The Local Committees for Supply and Production scheme, known by its Spanish acronym CLAP, was created by the Maduro government to distribute food boxes at subsidized prices. Maduro put local committees of the Socialist Party in charge of food distribution. However, only members of the Socialist Party received the bags of food and groceries that were distributed, while the rest of the public had to work with whatever it had left. Hence, poor Venezuelans weren’t able to access food and medicine. As per reports, the average Venezuelan lost an average of 19 pounds in weight between 2015 and 2016.
In January of 2016, Maduro called for an Assembly to rewrite the constitution in a blatant effort to undermine the opposition-controlled National Assembly. This was amongst confusion over a recall vote against Maduro in 2016 by the opposing party. This recall vote was caused when regional courts in at least four states had ruled that there was fraud during the first voting round in June. In 2017, Venezuela’s Supreme Court, which had consistently sided with the Socialist Party announced that it was going to be taking over the functions of the National Assembly. The decision sparked months of anti-government protests that ultimately left more than 50 people dead.
By 2018, Venezuela found itself in a complete state of disarray, having declared numerous state and economic emergencies over Maduro’s first term. Even so, Maduro was reelected with 68% of the votes in 2018. Despite recent and past events, about six million people voted for Maduro with a turnout of 46%, which is considered to be the lowest in the Venezuelan democratic history as shown by the graph below.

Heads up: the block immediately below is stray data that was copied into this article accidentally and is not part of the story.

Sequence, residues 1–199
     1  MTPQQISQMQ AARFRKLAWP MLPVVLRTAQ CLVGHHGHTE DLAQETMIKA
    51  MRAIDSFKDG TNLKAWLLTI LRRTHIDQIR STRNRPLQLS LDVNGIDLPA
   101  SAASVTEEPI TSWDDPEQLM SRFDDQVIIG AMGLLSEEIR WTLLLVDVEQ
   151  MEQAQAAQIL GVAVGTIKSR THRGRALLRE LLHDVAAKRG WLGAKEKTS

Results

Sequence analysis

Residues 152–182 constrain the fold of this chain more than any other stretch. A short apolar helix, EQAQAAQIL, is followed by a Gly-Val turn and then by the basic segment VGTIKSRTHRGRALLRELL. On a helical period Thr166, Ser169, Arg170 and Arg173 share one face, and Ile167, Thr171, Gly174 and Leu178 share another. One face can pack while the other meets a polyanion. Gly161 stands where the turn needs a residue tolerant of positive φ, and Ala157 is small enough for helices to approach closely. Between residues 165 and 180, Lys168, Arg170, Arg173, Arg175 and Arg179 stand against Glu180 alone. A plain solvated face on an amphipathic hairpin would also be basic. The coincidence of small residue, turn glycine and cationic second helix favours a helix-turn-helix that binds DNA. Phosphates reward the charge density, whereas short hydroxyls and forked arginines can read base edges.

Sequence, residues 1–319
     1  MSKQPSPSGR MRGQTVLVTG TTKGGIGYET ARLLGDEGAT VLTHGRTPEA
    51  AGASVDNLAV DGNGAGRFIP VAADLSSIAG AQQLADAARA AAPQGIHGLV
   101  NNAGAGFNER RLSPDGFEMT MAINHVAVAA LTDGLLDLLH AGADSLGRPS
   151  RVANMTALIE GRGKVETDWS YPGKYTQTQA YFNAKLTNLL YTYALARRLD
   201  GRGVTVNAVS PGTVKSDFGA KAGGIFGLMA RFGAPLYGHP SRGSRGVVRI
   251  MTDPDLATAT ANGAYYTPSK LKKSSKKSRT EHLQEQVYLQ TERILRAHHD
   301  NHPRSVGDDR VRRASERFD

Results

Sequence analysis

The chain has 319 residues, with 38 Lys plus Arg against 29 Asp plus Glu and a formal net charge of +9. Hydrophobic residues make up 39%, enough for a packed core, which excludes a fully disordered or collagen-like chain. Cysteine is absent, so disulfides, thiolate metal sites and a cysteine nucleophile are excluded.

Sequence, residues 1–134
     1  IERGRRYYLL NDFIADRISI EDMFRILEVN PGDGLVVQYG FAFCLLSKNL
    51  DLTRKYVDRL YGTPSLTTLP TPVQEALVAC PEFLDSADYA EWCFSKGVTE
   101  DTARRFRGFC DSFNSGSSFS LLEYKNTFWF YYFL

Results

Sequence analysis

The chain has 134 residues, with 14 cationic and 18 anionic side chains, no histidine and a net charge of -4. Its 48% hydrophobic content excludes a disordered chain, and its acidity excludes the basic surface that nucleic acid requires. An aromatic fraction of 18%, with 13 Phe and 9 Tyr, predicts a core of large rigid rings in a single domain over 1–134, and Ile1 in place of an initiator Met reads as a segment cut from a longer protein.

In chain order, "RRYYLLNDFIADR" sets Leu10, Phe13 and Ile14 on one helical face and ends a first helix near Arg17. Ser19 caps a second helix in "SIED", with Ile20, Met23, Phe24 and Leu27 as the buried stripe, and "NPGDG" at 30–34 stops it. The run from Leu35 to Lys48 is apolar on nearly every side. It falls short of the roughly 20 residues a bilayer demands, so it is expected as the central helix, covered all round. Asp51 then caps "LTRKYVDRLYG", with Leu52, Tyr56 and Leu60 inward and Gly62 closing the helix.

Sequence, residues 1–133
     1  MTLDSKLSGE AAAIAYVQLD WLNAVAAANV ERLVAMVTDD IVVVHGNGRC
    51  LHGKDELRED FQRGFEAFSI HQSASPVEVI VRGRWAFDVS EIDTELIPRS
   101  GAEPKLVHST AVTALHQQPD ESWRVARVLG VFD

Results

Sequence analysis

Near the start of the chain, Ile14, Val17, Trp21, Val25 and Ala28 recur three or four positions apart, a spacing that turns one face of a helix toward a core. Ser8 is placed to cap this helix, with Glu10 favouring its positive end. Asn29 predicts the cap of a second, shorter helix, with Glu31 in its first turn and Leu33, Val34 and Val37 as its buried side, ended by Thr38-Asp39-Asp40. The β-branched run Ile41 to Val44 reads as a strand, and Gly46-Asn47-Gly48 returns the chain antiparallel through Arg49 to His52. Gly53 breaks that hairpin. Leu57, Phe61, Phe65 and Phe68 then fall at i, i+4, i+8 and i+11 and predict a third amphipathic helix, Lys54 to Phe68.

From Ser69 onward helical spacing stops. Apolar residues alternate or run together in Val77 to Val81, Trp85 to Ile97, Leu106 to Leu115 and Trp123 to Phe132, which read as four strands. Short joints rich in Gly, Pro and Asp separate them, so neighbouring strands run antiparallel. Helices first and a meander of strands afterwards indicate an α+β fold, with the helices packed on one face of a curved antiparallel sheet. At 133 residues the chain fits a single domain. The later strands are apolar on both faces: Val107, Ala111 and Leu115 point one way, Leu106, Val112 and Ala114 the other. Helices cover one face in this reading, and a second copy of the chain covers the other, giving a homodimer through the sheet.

Graph of the Percentage of Voter turnout in Venezuelan presidential elections since 1960 (International Institute for Democracy and Electoral Assistance)
The United States, European Union, Human Rights Inter-American Commission, and many other countries and national organizations were quick to denounce the presidential election as rigged and fraudulent. In November of 2018, the United Nations Refugee Agency announced that over 3 million people had fled Venezuela due to the continuous shortages of food and medicine. While people continuously took to the streets in protest for Maduro to step down, Juan Guaidó claimed the presidency of the National Assembly in 2019, which the U.S. and many others quickly showed support for. Guaidó, an industrial engineer and one-term lawmaker for the part of the Popular Will party, fought for the freedom of the people from the government, saying, “We will stay in the streets until we have freedom for Venezuela.”
Maduro was quick to sever diplomatic ties with the U.S. after this. Maduro ordered American diplomats out of the country in 2019, while the U.S. and Colombia unsuccessfully tried to send humanitarian aid to Venezuela at its border. On Feb. 21, 2019, Maduro closed the border his country shares with Brazil in order to block aid from coming into the country.
Venezuelan Aid and News Coverage
Despite its magnitude, the Venezuelan crisis has only received a fraction of the international attention and funding that have previously been dedicated to other conflicts. This is due to the fact that the conflict is still seen as a regional problem. Additionally, not much funding has been given to the country because the country’s officials reject the money, as they feel that they have the situation under control. The UN has aided refugees that have escaped Venezuela by providing them humanitarian aid and safe shelter. In May 2020, the UN refugee and migration agencies have welcomed $2.79 billion pledged by donors aimed at supporting Venezuelan refugees, where some $653 million of those funds will be provided as grants aimed to provide help and humanitarian aid to Venezuelan refugees. The United Nations High Commissioner for Refugees in coordination with the World Health Organization and the International Organization for Migration has been working to provide COVID-19 help and relief to some refugees.